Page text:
But before you buy fish oil supplements from the local pharmacy, there are some things to be aware of.
The largest study to test vitamin D and omega-3 pills in healthy adults found they did little to prevent cardiovascular disease, but hinted at benefits for groups including African-Americans.
The results showed that people receiving the drug, 28% less likely to suffer from heart attacks than patients with placebo, and 8% less likely to develop cardiovascular diseases. She recommends that people talk to their health care provider before they start taking a fish oil supplement.
JoAnn Manson: We encourage people to eat fish and get these omega-3s in the diet.
Previous research suggests fish oil may have greater benefits for heart health than for reducing stroke, because there are some mechanisms - such as reducing irregular heart rhythm - which would be more important for heart attack than for stroke. However, the good news is that for those at higher risk due to elevated triglycerides the use of prescription medicines can be associated with a lower risk of heart attacks and strokes, albeit at a cost.
For the VITAL trial, almost 26,000 US men and women aged 50 and older were randomly assigned to take 1 gram of fish oil or 2,000 International Units of vitamin D daily, or a placebo.
Not everyone with heart disease would necessarily benefit from the supplements participants received in the trial. from shutterstock.com.
"The lower risk of heart attack was found particularly in those who have low fish consumption", Manson said. The study was a systematic review, which combined the results of ten trials testing fish oil supplements (at a lower dose than the REDUCE-IT trial), involving 77,917 older adults at high risk of cardiovascular disease. They reduce triglycerides (the type of fat that contributes to hardening of the arteries) and the risk of blood clots, and are anti-inflammatory. Instead, they looked at areas where vitamin D's benefits haven't been definitely proven, such as cancer and heart disease.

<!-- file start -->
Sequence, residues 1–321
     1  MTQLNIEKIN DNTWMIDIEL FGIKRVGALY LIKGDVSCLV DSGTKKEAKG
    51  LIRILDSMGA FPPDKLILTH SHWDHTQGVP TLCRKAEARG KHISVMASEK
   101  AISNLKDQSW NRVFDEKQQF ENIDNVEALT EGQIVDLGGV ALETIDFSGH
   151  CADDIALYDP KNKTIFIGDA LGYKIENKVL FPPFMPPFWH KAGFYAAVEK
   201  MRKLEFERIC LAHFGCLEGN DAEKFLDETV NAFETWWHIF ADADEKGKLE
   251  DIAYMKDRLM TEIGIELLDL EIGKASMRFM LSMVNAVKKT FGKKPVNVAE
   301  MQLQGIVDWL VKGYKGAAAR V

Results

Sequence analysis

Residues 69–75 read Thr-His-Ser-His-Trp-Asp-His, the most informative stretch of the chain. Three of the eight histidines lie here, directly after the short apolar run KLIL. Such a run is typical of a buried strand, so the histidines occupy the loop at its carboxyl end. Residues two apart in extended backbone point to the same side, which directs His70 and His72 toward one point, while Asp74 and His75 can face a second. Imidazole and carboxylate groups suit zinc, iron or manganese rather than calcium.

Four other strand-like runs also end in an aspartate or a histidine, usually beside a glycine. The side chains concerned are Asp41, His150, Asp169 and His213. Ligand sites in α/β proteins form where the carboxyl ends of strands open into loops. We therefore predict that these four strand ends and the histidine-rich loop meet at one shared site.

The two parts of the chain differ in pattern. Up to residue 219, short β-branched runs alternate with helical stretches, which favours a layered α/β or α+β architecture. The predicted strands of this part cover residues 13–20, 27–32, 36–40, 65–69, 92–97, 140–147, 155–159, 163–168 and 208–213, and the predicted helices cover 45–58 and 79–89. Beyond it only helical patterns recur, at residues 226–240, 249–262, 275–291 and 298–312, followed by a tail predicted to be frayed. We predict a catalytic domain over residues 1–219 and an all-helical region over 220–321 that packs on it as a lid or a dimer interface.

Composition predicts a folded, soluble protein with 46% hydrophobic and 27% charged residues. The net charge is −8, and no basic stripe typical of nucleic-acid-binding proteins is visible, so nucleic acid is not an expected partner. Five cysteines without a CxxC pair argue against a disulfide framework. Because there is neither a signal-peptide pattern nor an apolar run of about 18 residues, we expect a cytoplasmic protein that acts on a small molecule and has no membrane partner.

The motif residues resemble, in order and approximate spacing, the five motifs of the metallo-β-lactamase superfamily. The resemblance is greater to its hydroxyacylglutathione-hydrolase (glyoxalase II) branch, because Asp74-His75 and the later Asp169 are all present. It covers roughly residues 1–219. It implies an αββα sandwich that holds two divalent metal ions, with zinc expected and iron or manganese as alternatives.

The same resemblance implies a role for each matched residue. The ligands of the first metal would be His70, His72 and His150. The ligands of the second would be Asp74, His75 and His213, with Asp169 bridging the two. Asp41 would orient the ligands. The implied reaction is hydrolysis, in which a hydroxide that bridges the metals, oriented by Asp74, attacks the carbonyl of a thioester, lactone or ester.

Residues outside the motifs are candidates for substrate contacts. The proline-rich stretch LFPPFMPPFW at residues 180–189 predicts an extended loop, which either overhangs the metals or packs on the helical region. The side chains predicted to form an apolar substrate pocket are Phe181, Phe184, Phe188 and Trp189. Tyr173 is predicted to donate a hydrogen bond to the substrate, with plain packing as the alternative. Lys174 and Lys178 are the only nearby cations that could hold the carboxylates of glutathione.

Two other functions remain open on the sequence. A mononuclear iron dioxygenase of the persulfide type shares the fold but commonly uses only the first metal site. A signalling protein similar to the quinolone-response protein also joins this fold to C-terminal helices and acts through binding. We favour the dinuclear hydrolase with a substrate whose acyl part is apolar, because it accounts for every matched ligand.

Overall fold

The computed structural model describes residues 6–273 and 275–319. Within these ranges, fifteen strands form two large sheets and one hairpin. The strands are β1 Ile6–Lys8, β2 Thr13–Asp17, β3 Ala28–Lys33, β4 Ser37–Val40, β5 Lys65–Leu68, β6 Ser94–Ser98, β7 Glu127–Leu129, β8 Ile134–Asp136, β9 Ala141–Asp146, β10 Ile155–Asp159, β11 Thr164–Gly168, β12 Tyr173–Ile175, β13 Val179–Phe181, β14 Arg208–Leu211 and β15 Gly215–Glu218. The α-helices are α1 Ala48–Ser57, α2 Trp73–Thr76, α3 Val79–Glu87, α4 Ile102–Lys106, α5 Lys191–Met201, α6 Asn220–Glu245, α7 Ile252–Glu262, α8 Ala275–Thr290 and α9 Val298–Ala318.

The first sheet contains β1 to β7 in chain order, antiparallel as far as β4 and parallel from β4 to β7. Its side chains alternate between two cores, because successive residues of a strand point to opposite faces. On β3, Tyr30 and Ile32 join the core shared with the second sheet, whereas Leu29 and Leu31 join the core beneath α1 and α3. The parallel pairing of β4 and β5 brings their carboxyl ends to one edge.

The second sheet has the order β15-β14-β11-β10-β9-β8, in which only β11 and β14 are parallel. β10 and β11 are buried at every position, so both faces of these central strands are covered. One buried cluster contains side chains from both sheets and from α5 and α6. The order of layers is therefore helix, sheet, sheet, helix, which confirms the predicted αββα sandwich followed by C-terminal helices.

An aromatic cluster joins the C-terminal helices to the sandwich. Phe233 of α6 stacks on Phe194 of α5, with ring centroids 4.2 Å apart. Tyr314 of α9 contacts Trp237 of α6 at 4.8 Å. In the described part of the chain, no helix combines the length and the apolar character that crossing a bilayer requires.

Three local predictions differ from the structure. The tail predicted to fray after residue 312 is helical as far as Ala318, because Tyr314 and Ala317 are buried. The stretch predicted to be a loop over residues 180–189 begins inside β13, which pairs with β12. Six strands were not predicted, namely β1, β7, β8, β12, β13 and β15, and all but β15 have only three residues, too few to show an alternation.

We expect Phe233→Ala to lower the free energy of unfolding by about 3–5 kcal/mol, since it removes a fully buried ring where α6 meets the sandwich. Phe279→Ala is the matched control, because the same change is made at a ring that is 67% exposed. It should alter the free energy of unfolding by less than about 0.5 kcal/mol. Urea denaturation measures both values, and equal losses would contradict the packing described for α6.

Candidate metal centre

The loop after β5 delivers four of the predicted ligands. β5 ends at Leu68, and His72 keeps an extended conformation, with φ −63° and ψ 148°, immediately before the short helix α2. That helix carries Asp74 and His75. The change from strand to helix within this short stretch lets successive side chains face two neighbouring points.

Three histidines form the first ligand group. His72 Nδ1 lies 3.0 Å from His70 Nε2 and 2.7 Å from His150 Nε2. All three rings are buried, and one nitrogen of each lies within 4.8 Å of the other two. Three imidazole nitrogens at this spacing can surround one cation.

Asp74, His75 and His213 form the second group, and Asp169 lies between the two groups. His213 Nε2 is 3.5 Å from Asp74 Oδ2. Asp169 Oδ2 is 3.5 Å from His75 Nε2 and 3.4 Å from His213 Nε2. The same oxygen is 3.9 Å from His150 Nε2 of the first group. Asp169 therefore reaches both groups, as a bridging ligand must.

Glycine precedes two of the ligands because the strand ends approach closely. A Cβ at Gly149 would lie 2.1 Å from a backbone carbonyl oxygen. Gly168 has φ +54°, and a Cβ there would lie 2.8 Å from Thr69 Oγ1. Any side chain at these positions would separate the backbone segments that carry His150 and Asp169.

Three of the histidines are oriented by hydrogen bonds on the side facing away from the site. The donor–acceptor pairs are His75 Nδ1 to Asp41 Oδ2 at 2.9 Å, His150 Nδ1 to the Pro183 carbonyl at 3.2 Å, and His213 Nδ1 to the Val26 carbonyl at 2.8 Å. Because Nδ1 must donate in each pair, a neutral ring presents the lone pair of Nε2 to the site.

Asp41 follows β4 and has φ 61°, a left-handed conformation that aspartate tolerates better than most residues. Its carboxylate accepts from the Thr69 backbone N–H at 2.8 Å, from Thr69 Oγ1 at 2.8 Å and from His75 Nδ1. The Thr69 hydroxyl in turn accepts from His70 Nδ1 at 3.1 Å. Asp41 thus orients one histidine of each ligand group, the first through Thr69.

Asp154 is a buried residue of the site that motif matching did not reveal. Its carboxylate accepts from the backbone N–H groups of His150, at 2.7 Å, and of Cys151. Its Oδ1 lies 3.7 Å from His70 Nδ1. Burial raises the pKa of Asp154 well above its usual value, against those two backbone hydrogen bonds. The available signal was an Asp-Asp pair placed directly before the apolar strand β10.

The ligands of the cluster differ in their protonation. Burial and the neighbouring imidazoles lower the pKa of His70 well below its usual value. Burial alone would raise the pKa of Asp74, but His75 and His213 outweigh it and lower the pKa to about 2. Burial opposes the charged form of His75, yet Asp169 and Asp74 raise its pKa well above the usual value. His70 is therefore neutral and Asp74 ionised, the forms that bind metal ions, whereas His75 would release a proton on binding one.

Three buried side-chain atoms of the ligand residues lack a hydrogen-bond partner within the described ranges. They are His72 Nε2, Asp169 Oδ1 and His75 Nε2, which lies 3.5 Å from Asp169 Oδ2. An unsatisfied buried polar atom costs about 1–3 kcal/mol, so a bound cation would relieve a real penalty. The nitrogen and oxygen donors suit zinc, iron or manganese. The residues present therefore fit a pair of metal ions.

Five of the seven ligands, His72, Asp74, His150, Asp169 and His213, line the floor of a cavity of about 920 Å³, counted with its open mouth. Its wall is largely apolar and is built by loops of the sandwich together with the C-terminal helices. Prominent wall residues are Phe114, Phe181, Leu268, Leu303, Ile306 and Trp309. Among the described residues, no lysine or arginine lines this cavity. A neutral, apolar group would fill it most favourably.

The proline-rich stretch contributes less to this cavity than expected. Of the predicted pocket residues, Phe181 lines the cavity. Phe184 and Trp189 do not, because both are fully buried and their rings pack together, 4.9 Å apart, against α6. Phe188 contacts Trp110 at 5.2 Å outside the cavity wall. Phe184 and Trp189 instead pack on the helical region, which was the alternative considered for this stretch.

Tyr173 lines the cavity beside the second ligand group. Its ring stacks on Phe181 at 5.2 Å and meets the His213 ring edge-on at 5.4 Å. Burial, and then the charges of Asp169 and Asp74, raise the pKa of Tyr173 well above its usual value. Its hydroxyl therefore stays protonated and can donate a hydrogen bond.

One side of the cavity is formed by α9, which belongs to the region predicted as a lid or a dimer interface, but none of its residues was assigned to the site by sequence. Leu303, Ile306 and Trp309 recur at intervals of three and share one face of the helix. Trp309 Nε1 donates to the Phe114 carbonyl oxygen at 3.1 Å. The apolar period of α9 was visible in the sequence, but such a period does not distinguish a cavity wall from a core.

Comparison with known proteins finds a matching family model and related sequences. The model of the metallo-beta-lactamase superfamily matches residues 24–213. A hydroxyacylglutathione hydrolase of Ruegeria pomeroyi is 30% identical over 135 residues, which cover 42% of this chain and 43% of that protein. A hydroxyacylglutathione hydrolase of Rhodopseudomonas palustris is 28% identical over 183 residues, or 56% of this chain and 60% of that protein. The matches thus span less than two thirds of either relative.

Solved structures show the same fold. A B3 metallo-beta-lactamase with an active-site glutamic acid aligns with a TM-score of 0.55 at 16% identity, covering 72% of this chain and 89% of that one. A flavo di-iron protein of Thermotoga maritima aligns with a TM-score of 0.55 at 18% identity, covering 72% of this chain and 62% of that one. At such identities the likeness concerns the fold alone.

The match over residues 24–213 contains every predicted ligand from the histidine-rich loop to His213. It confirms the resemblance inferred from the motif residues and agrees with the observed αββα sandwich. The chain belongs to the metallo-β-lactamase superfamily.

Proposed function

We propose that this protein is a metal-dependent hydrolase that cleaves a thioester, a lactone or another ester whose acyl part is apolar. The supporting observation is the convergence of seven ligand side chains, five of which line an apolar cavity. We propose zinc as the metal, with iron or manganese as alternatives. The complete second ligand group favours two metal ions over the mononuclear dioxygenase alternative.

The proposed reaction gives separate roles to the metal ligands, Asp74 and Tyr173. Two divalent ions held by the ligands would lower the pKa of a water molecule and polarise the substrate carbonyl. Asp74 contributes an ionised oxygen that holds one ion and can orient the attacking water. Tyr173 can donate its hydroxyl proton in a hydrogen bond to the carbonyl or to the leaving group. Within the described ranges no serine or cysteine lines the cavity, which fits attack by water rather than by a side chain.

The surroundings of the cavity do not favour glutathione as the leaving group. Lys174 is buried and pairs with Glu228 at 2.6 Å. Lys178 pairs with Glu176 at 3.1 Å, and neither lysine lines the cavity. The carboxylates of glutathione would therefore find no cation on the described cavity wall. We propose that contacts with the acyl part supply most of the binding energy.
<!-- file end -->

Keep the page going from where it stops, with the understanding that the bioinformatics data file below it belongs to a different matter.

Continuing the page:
Dr. Satjit Bhusri is a cardiologist with Lenox Hill Hospital in New York City.
Although hundreds of studies of these supplements have been published over the years, the new clinical trial - a federally funded project involving almost 26,000 people - is the strongest and most definitive examination yet, said Dr. Clifford Rosen, a senior scientist at the Maine Medical Center Research Institute who was not involved in the research. "A reduction in heart attacks this profound has not seen been since in primary prevention since the early trials of aspirin therapy".
What about diet? Isn't that a better way to get omega-3 fatty acids? Those at risk had diabetes and at least one other risk factor.
There are many ways that omega-3 fatty acids could help heart health, Manson said.
People interested in taking fish oil supplements should discuss it with their doctor first, said Dr. Helene Glassberg, an associate professor of clinical cardiovascular medicine at the University of Pennsylvania's Penn Medicine. He had no role in the studies or ties to the companies involved.
"It does have a blood-thinning effect". You should eat two servings of fish every week.
For someone who's healthy but looking to prevent heart disease, "still at the top of my list is lifestyle", Glassberg said.
The evidence will evolve further but, in the meantime, and based on a recent evidence review, the National Heart Foundation recommendations don't advise health professionals to routinely recommend omega-3 supplements for heart health.